Many domestic violence shelters in Wisconsin are now publicizing their locations, reflecting a shift in the culture of domestic violence intervention.
According to Carmen Petrie, executive director of Milwaukee's Sojourner Truth House, the trend of publicizing such information has been growing for the past 10 or 15 years. She said domestic violence shelters are moving from undisclosed locations in residential neighborhoods to high-profile, public centers.
“I think people are more aware today of how critical this issue is,” said Petrie. “So the shelters becoming public, I believe, is part of that evolving awareness that people have in the community.”
The Sojourner Truth House is breaking ground on a new, a larger facility in September. It's moving from a decades-old building in an undisclosed location to a major intersection in Milwaukee.
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Many shelters, built decades ago, were tucked into quiet neighborhoods. Founders believed that these undisclosed, nondescript locations made it more difficult for abusers to track down victims.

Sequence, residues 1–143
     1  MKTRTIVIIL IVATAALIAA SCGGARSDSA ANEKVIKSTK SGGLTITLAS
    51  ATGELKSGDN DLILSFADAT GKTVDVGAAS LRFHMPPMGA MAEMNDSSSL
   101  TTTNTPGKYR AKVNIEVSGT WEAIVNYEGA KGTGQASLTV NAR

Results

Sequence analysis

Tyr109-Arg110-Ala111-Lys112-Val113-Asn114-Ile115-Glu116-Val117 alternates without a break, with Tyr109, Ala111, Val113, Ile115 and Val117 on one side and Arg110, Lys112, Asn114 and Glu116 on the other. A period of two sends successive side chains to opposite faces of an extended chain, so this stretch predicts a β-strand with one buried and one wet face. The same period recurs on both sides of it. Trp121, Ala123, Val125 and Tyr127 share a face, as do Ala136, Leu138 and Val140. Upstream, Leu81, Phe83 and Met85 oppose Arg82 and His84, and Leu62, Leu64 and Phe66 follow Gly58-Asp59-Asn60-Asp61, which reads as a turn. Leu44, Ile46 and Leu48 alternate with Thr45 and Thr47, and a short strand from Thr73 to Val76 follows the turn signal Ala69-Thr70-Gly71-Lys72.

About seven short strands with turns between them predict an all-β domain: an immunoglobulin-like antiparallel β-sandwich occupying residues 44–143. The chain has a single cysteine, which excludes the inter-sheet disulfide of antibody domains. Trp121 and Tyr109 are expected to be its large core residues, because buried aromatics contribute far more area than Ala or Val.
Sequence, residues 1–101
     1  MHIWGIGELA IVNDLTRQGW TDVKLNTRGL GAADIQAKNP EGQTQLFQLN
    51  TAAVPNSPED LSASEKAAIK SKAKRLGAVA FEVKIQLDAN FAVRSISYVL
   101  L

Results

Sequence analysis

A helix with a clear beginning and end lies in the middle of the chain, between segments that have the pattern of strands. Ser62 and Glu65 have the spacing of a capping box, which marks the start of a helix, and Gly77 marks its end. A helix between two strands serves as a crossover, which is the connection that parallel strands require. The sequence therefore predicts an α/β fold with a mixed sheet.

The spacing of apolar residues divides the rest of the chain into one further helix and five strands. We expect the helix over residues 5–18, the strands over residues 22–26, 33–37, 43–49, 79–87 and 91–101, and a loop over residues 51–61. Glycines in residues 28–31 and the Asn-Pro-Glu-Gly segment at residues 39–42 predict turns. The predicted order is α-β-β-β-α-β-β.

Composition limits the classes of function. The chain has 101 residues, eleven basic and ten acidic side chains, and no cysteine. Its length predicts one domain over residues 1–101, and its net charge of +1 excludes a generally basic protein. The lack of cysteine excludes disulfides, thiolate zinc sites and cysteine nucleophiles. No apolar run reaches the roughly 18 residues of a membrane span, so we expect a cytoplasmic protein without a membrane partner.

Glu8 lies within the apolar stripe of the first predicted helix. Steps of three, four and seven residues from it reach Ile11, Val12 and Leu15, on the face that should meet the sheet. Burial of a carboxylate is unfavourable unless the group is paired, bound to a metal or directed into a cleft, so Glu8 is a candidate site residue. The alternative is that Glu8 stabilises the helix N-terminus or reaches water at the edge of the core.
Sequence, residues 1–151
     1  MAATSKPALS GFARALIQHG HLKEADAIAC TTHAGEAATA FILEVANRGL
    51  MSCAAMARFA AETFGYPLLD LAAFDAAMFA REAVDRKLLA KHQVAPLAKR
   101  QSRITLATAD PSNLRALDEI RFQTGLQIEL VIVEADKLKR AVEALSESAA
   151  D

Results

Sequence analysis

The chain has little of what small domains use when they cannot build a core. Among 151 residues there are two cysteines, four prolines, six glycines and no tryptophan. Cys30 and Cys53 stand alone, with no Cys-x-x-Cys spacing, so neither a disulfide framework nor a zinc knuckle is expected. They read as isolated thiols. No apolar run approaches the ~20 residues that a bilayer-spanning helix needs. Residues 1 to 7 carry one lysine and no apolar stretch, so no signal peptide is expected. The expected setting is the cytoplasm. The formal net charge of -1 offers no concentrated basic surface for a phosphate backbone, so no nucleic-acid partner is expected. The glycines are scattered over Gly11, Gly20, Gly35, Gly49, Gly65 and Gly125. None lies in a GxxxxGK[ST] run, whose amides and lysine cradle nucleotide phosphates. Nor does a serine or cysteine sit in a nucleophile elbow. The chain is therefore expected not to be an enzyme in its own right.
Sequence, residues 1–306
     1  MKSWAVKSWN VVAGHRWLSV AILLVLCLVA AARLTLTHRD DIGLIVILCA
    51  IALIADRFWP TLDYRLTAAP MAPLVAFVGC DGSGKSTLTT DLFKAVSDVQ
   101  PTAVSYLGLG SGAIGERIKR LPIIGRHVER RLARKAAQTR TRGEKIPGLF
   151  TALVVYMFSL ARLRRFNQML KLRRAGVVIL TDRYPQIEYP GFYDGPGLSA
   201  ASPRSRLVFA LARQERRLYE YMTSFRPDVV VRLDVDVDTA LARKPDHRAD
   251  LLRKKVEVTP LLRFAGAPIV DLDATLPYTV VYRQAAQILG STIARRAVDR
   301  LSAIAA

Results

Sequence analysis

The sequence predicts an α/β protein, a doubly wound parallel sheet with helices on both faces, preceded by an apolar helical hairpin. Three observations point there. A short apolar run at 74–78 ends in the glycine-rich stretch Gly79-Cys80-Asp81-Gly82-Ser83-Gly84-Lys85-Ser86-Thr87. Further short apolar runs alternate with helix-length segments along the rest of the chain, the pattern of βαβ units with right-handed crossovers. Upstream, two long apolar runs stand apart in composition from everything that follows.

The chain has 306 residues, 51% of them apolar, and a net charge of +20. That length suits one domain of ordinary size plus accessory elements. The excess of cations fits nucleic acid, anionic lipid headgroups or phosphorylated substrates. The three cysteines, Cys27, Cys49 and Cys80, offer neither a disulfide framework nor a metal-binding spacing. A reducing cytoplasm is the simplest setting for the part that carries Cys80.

But Shannon Barry, executive director of Domestic Abuse Intervention Services in Madison, said that public-facing shelters may actually promote safety, not compromise it.
“If you're familiar with domestic violence, you'll know that many batterers and assailants don't want to be known for who they are and what they're doing,” Barry said. “Coming to a very public facility admits a level of culpability if you're seeking out your partner at a facility like ours.”
Domestic Abuse Intervention Services will transition from a small, undisclosed facility to a larger, public shelter later this month.